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More Nigerians to Lose Jobs as Economic Crisis Worsens



With the report that manufacturers’ employment rate will fall below benchmark points to 48.8 points in the first quarter of 2023, there are tendencies that more Nigerians stand the risk of losing their jobs.

This report is coming at a time Nigeria is sliding into more economic crisis.

Investors King had reported that the National Bureau of Statistics (NBS) had said that 20 percent of the full-time workforce in Nigeria lost their jobs due to the COVID-19 pandemic in 2020.

The NBS disclosed this in a study jointly conducted with the United Nations Development Programme (UNDP) adding that since then, there has been an increase in the unemployment rate, moving from 27 percent to 33 percent between Q2 2020 and Q4 2020.

Coupled with the naira exchange crisis currently ravaging the country and its negative effects on small and medium-scale businesses, Nigerians have been expressing worry that their jobs are in the verge of being lost.

The lastest index report by the Manufacturers CEOs Confidence showed a downward spiral from the 49.2 points obtained in the preceding quarter.

Investors King reports that the Manufacturers CEOs Confidence Index of the Manufacturers Association of Nigeria is a quarterly research and advocacy publication of the association, which measures changes in the pulse of operators and trends in the manufacturing sector on a quarterly basis.

The report, it was gathered, is in response to movements in the macro-economy and government policies using primary data gotten from direct survey of over 400 chief executive officers of MAN member-companies.

According to the report, in the fourth quarter of 2022, Aggregate Index Score of the MCCI reduced to 55.0 points down from 55.4 points recorded in the third quarter of the year.

This revelation is a pointer to manufacturers’ increasing loss of confidence in the economy of Nigeria that is nosediving.

The report disclosed that the fourth quarter of 2022 appeared to be more difficult to manufacturers than the level of hardship experienced in the preceding quarter.

This situation is linked to the continued rise in inflation, high cost of energy, worsening erosion in naira value and difficulty in sourcing forex as well including the harsh effect of the Russian-Ukrainian war.

According to the report, current Employment Condition (rate of employment) and production level in the next three months scored above the 50 benchmark points though with a decline in the period respectively.

It further stated that employment conditions for the next three months fell below the benchmark points to 48.8 points which is also below the 49.2 points obtained in the preceding quarter.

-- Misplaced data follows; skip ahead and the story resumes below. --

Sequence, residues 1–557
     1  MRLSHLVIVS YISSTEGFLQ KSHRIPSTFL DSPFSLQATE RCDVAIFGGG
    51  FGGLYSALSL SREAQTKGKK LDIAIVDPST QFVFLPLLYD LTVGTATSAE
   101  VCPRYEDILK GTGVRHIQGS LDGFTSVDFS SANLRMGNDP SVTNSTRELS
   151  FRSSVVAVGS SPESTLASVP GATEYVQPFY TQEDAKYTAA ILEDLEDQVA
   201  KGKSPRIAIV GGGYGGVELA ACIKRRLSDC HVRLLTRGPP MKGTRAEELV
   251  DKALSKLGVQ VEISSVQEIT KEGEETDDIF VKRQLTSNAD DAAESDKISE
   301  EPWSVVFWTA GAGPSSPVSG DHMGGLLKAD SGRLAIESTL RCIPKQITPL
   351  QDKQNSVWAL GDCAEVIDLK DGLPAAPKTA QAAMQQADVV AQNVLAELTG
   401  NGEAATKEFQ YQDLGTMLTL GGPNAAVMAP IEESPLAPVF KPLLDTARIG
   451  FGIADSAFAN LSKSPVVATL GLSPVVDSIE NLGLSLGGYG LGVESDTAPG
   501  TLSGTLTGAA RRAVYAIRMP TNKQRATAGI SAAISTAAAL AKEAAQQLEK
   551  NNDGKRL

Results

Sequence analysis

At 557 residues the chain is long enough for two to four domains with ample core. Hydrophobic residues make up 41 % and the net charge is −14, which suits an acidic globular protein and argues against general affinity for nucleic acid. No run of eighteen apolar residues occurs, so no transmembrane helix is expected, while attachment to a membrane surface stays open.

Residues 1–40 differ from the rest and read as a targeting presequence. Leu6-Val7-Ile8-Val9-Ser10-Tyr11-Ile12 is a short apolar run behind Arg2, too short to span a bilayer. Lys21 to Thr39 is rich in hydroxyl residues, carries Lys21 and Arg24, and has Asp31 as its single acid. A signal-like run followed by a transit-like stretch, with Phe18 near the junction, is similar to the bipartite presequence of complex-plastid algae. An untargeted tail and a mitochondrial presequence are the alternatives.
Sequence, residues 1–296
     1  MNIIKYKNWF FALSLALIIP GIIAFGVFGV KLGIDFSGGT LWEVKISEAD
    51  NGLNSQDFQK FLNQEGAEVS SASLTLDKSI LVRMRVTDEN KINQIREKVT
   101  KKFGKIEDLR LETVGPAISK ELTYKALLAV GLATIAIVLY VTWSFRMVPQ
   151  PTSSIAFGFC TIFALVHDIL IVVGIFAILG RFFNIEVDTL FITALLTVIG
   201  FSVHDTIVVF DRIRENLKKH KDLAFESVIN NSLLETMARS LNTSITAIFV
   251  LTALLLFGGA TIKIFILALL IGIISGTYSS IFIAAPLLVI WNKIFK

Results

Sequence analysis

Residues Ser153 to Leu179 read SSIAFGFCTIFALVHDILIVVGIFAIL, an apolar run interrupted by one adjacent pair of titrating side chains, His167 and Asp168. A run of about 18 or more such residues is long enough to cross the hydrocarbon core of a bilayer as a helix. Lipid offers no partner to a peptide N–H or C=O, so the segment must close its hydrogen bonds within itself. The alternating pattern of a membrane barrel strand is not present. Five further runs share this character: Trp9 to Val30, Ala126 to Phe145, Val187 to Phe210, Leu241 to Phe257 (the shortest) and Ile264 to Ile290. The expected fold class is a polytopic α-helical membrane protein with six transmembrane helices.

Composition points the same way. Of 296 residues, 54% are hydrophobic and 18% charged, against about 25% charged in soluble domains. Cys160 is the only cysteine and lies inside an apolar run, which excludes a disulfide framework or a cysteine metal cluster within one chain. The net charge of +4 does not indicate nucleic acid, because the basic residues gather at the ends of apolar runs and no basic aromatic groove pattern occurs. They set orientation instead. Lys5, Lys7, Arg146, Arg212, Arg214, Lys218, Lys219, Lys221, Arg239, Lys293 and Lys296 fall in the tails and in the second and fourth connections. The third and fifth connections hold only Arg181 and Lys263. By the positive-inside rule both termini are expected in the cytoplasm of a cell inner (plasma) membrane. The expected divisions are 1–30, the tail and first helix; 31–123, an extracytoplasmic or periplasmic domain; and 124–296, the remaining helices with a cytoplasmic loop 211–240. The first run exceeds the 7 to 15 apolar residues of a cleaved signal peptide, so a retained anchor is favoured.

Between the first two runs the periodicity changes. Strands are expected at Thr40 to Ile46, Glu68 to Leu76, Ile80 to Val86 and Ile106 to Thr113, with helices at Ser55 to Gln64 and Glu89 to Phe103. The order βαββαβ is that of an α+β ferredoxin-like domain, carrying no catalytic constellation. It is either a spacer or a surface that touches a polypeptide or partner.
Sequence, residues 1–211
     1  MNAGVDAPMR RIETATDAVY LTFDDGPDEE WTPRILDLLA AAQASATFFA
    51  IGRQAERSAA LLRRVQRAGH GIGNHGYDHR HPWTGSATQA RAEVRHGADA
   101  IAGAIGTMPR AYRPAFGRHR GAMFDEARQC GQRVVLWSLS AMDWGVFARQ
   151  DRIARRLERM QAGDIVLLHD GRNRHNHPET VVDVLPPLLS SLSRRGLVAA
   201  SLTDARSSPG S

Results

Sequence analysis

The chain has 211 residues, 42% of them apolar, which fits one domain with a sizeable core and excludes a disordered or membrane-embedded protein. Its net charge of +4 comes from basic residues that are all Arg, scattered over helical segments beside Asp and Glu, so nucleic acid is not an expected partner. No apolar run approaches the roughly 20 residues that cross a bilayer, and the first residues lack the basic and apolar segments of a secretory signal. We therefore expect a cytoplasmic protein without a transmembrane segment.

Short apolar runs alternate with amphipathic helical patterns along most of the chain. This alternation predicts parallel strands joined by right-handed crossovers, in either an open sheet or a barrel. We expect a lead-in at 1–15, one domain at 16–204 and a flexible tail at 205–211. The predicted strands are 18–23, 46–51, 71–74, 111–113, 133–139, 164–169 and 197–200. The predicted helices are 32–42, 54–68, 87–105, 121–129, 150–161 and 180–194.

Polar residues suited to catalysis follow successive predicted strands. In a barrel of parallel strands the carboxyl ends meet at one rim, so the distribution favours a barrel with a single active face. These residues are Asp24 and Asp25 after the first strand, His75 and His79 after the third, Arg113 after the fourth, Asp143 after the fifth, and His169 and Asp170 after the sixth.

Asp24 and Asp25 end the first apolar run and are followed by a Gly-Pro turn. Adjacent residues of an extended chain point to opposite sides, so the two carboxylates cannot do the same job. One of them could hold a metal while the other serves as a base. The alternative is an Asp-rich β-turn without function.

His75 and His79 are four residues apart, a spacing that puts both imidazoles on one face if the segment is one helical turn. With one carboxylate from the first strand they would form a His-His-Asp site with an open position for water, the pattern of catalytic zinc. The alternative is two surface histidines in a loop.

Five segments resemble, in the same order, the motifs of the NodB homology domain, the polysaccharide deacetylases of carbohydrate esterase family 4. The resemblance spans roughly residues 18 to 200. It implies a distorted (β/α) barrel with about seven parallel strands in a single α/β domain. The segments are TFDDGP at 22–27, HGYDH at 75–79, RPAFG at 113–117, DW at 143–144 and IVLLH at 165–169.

MAN further revealed that the redesign of naira notes, which has negatively affected the economy, would also play a significant role in affecting employment in the first quarter of 2023.

The association noted that the report is robust and realistic, adding that Q1 of every year is usually sluggish and employment decision is hardly completed in the quarter.

In order to control the economy, the Central Bank of Nigeria has been struggling to minimise the cash flow in individual hands, as traders and entrepreneurs groan of low patronage.

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China and Brazil Move Away from US Dollar in New Trade Deal



china's economy

China and Brazil have struck a new trade deal that will allow them to trade in their own currencies, bypassing the need for the US dollar as an intermediary.

This agreement marks a significant move by China to reduce its reliance on the dollar and establishes the country as a formidable rival to the US in the global economy.

The deal was announced by the Brazilian government on Wednesday and will enable the two nations to conduct their financial transactions directly, using Chinese Yuan for Brazilian Real and vice versa.

Brazil’s biggest trading partner is China with bilateral trade worth a record USD 150.5 billion in 2022.

For Brazil, this deal represents a significant shift away from the traditional reliance on the US dollar as the world’s primary currency. According to the Brazilian Trade and Investment Promotion Agency, ApexBrasil, the agreement is expected to reduce costs and promote even greater bilateral trade.

The move away from the US dollar as an intermediary in international trade could have far-reaching implications for the global economy. Other countries may follow suit and start conducting their trade and financial transactions in their own currencies, potentially undermining the dollar’s position as the world’s primary currency.

This is not the first time that China has taken steps to reduce its dependence on the US dollar. In recent years, the country has been promoting the use of the yuan in international trade and investment, and has signed currency swap agreements with other countries to facilitate trade in their own currencies.